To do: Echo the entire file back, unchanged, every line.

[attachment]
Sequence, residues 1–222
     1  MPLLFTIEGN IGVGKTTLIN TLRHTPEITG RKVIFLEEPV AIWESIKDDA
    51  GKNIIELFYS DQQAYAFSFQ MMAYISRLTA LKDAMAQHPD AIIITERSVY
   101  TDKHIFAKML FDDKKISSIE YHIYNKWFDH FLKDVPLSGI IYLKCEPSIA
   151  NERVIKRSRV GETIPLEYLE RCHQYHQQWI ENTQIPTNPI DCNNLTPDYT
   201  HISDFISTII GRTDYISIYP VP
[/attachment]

Sequence, residues 1–222
     1  MPLLFTIEGN IGVGKTTLIN TLRHTPEITG RKVIFLEEPV AIWESIKDDA
    51  GKNIIELFYS DQQAYAFSFQ MMAYISRLTA LKDAMAQHPD AIIITERSVY
   101  TDKHIFAKML FDDKKISSIE YHIYNKWFDH FLKDVPLSGI IYLKCEPSIA
   151  NERVIKRSRV GETIPLEYLE RCHQYHQQWI ENTQIPTNPI DCNNLTPDYT
   201  HISDFISTII GRTDYISIYP VP